Twenty seconds later the flash was downloaded, and precisely 70 seconds later from the time I clicked Upgrade the terminal restarted itself, only to come back and let me create a New Connection in the Winterm Connection Manager, this time of type “Microsoft Remote Desktop Client.” Bingo! I’d say that’s exactly what I was looking for. I created a new connection with the details of our terminal server, and tried it. Success! There are still a variety of settings available in the Terminal Properties (hitting F2 at the connection screen) and it appears if I want to get fancy, I can configure a lot of this stuff through DHCP options to the thin clients as well. Time to look for some additional power supplies, keyboards, and mice, and contemplate some monitors. I’ve got a couple of people needing some “computers”! The color depth isn’t great but Outlook and Word will run just fine.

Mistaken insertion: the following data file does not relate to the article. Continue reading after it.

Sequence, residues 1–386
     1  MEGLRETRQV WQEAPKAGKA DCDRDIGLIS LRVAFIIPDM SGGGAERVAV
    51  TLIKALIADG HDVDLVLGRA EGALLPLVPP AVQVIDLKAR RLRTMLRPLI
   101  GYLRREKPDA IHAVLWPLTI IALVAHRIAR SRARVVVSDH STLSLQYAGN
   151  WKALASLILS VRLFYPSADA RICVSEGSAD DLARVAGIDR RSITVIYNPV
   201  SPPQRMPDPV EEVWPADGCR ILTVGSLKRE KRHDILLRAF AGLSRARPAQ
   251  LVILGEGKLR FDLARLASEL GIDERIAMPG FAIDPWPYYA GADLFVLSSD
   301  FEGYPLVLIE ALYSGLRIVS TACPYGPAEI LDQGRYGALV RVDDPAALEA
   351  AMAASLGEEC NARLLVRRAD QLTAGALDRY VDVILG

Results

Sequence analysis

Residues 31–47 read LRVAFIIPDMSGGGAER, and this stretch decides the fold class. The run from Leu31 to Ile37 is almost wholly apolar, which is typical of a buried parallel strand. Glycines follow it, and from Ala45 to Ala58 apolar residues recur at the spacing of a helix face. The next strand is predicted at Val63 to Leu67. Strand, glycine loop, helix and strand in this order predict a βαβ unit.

Just one thing unsolved: what does the third Wyse firmware do? There are three downloads, one ICA, one RDP, and another called L369_20Wye0.exe. I have no idea what this does. Not sure if I’m going to try it or not. (OK, I tried this before posting. It installs an older firmware version (3.41 SP3) that has Citrix and RDP connection capabilities. Perhaps this is the version I had problems with in the past. I didn’t leave it installed for long, and went back to what worked the first time, version 3.5.1 Service Pack 2.)

Also, noticed that the firmware images are dated Sept. 4, 2001. Exactly one week before the 9/11 attacks. No particular reason why this matters, just weird to be using “pre-9/11” technology and software!